College of Charleston's Baru embraces extra attention

College of Charleston's Adjehi Baru (1) drives against Miami's Tonye Jekiri during a game last month in Coral Gables, Fla. (AP Photo/Wilfredo Lee),

Even before the ball is passed into the paint, College of Charleston center Adjehi Baru can feel the double-team coming.

Rather than panic, like Baru might have done when he was a freshman or sophomore, the 6-9 senior embraces the double-team nowadays. There's a part of Baru that even welcomes it because if there are two defenders on him, one of his teammates is bound to be open.

While the Cougars have struggled to find consistency on offense, when the ball goes through Baru the end result usually is points.

College of Charleston coach Earl Grant doesn't keep statistics on how often the Cougars score when Baru touches the ball, but he knows that percentages of scoring are higher when the Ivory Coast native becomes involved in the play.

"We talk all the time about getting the ball inside to Adjehi, not just so he can score," said Grant, whose team plays Hofstra on Thursday night at TD Arena.

"When we do get the ball into Adejhi, he's like a vacuum cleaner. He just sucks everyone over to him. Adjehi has made great decisions with the ball all season. He's able to kick the ball out to the other guys for a 3."

For his part, Baru said he's become more patient with the ball. Instead of making the quick pass, Baru will survey the court to find his best option.

"I know I've grown as a player from my freshman year to now," said Baru, who has 15 assists this season. "I've learned how to handle the pressure and then find my teammates. They've done a good job of getting to the open parts of the floor so I can find them."

Anthony Stitt has noticed the difference in Baru over the last two seasons.

"He's matured so much as a player," Stitt said. "He knows how to pass out of a double team now. He knows the right reads and he knows what he's looking for. When the ball gets into the paint and especially when Adjehi gets the ball, our results have been tremendous. When we're getting those inside-out 3s, I know we're knocking down at a pretty high percentage."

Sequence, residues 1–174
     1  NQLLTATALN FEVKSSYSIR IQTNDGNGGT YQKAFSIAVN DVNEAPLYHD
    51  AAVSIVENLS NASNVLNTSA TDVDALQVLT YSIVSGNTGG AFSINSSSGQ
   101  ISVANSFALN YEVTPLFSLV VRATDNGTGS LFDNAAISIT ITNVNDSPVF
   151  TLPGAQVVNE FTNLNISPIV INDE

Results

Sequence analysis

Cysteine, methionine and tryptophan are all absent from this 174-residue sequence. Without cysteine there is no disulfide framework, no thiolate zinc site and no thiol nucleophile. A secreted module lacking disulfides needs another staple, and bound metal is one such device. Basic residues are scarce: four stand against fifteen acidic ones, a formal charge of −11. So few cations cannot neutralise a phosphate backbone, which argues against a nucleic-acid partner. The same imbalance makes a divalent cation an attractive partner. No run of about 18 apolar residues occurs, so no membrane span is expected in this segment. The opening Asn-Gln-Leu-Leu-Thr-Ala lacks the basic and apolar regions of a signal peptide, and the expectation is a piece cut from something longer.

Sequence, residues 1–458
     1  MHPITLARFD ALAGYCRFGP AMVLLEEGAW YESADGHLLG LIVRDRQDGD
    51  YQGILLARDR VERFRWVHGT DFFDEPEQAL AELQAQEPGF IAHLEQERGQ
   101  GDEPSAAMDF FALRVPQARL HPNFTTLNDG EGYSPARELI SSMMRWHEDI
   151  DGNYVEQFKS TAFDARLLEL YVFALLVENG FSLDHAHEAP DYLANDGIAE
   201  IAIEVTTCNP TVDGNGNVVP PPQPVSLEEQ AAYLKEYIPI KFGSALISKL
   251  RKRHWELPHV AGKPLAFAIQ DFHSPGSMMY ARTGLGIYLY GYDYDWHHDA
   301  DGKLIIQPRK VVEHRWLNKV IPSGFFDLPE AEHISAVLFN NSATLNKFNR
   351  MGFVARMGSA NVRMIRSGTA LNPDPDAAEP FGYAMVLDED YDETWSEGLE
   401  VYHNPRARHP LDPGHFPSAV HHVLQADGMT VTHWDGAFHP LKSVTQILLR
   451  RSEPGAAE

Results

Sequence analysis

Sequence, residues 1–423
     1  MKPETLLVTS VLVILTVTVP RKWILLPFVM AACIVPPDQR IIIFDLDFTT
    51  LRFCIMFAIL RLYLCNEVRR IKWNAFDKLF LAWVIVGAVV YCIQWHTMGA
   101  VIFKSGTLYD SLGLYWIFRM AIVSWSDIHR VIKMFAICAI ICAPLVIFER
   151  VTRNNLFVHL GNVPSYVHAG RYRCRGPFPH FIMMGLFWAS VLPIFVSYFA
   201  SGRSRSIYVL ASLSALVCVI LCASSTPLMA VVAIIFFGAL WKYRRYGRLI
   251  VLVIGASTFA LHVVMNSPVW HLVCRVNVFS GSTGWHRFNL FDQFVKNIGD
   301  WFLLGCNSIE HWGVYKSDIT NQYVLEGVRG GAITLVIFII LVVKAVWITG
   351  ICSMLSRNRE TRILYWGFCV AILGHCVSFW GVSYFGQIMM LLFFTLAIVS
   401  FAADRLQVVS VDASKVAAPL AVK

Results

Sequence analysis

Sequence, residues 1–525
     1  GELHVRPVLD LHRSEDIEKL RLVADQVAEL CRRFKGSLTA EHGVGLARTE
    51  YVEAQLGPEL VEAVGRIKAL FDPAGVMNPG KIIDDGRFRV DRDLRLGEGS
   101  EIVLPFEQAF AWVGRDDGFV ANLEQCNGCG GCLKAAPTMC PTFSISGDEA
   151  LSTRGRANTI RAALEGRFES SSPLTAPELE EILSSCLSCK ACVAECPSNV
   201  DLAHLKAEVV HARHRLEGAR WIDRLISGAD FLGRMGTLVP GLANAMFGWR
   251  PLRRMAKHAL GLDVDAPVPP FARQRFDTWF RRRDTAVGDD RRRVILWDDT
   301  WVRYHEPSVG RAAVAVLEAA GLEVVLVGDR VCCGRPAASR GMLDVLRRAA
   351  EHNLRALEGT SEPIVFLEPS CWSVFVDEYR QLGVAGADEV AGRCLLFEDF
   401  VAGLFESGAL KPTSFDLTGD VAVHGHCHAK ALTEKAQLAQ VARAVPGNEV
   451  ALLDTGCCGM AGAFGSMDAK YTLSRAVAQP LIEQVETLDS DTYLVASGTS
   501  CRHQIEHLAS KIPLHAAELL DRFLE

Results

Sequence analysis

He's also playing smarter, Stitt said.

"He's playing with his head more than using his athletic ability to beat guys," Stitt said. "He's been more of a leader this year, being more vocal, and I think that has helped us."

Baru, who had offseason knee surgery, said he is playing pain-free for the first time in more than a year. When he's not on the floor, Baru peddles on a stationary bike at the end of the Cougars bench to keep his knee from stiffening up.

"The knee feels great, I feel great," said Baru, who is averaging 7.4 points and 6.3 rebounds per game. "Much better than last year. I'm able to play without any soreness."

As one of three seniors on the roster, Baru has started to assert himself.

"We can't have our head down, we have to be strong," Baru said. "We have to have faith that what we're doing is going eventually lead to a win. We can't just hope to win, we have to win. We want to win. We're going through some adversity right now and we've just got to handle it and get through it."